Wednesday, August 10, 2011

The Undrowned Child by Michelle Lovric

The Undrowned Child The Undrowned Child

The Undrowned Child by Michelle Lovric was released yesterday. I received a review copy through the Amazon Vine program.

Book description from the publisher:

Teodora has always longed to visit Venice, and at last she has her chance. But strange and sinister things are afoot in the beautiful floating city. Teo is quickly subsumed into a secret world in which salty-tongued mermaids run subversive printing presses, ghosts good and bad patrol the streets, statues speak, rats read, and librarians fluidly turn into cats. And where a book, The Key to the Secret City, leads Teo straight into the heart of the danger that threatens to destroy the city to which she feels she belongs. An ancient proverb seems to unite Teo with a Venetian boy, Renzo, and with the Traitor who has returned from the dark past to wreak revenge. . . . But who is the Undrowned Child destined to save Venice?
My brief review of the book because I hate writing plot descriptions:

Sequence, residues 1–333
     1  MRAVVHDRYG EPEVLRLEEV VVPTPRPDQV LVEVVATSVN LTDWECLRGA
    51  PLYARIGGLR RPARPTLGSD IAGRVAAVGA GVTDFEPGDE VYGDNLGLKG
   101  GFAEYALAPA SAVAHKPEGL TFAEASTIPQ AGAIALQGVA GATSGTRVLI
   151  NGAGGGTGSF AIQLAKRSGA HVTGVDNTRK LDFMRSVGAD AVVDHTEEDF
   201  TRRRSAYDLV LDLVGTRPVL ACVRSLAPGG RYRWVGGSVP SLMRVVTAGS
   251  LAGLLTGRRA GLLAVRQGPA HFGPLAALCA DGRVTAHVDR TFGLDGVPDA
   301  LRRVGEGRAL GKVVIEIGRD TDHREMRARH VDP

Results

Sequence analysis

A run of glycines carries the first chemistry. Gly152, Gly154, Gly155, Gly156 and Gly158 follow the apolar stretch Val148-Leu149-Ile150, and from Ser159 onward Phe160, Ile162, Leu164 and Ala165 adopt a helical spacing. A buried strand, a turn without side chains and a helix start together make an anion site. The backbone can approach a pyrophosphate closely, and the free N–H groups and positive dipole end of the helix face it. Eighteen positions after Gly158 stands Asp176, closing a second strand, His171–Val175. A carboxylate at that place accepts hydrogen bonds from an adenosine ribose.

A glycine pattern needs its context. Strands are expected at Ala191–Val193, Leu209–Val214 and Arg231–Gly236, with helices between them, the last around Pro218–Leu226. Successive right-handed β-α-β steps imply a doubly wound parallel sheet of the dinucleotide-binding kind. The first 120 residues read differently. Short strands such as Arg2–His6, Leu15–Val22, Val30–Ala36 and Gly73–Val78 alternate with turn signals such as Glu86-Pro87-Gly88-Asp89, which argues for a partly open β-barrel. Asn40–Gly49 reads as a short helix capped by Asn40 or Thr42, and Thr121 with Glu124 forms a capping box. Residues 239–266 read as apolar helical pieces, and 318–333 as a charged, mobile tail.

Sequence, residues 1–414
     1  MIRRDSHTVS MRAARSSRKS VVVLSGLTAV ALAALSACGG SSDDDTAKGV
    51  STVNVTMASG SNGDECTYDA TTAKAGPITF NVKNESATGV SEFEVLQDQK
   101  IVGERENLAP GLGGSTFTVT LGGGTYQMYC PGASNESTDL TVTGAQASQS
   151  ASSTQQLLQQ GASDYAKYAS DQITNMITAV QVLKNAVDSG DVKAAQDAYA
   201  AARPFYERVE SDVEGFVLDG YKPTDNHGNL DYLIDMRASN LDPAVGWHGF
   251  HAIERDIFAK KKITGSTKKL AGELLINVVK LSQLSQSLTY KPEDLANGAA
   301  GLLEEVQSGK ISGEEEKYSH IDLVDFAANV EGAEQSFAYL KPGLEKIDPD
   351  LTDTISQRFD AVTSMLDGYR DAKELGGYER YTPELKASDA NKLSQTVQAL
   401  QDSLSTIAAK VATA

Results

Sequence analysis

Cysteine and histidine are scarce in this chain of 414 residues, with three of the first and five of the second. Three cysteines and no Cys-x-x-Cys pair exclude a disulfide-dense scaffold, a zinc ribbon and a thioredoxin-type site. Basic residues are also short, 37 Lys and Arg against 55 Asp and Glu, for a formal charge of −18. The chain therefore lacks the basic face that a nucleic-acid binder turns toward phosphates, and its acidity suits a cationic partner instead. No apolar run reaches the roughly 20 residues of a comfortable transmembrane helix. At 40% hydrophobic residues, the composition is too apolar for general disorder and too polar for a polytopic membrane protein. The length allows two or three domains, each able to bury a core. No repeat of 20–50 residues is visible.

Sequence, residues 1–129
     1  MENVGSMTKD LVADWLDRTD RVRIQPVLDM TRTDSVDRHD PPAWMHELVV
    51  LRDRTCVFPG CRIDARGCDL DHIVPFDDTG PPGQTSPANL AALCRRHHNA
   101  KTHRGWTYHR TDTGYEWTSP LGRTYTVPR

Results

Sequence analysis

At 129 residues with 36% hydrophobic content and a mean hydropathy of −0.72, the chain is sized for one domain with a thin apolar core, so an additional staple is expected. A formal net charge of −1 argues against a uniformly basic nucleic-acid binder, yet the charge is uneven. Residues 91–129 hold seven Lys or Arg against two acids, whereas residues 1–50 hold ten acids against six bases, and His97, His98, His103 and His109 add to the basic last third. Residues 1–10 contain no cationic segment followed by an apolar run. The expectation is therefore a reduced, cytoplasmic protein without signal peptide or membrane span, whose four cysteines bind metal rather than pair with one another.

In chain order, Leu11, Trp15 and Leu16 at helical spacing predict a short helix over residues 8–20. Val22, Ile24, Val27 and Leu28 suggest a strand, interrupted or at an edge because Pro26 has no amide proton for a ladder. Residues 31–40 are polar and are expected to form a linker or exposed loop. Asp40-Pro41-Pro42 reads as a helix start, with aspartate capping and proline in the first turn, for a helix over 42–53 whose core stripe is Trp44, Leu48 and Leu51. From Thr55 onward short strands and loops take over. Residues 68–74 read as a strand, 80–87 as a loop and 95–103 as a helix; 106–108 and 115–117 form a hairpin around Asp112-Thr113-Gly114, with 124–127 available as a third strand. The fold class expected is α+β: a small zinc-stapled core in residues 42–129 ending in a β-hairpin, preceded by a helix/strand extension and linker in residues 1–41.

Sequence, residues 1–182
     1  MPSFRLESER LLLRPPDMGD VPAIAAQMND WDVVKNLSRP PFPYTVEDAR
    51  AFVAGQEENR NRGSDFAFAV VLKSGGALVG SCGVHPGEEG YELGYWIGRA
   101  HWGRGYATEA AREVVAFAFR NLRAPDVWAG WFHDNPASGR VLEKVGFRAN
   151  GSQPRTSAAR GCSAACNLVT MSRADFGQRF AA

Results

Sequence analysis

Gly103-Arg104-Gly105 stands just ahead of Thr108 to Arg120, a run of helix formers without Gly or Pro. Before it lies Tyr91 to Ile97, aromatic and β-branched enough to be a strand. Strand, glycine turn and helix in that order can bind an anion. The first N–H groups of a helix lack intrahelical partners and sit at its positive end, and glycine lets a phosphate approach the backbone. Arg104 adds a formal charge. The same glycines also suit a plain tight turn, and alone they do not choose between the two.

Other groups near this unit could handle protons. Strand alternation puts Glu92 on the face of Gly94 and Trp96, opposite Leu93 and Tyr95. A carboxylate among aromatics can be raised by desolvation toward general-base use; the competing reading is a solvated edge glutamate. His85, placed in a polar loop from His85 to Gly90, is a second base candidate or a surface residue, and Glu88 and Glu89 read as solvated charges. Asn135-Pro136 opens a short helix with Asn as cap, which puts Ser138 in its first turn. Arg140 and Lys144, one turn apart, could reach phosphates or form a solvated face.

As I read this book, I realized just how little I really knew about Venice. I am a voracious reader but somehow my experiences have inadvertently kept me away from books set in this fascinating city. I admit I was first drawn to the book by the cover, then by the setting and finally by the mention of fantastical creatures, especially mermaids which are of high interest of late. The book didn't disappoint. The story is summarized elsewhere so I won't do that here. I started reading it without caring because the above mentioned features were enough of a draw for me. I enjoyed the main characters, Teo and Renzo, even more than I expected. I loved the setting. I enjoyed the history. I was entertained and I learned much during my reading.

One of the loveliest aspects of the book was an appendix with sections of "Places and Things in The Undrowned Child that you can still see in Venice" and "What is true, and what's made up?" It kept me from having to interrupt my reading to go look up so much for I always want to know more when I read books like this. Recommended for fantasy fans, especially if they like their fantasy mixed with historical fiction. Yes, it's aimed at younger readers, but adults with interests in the genre just may enjoy it more...

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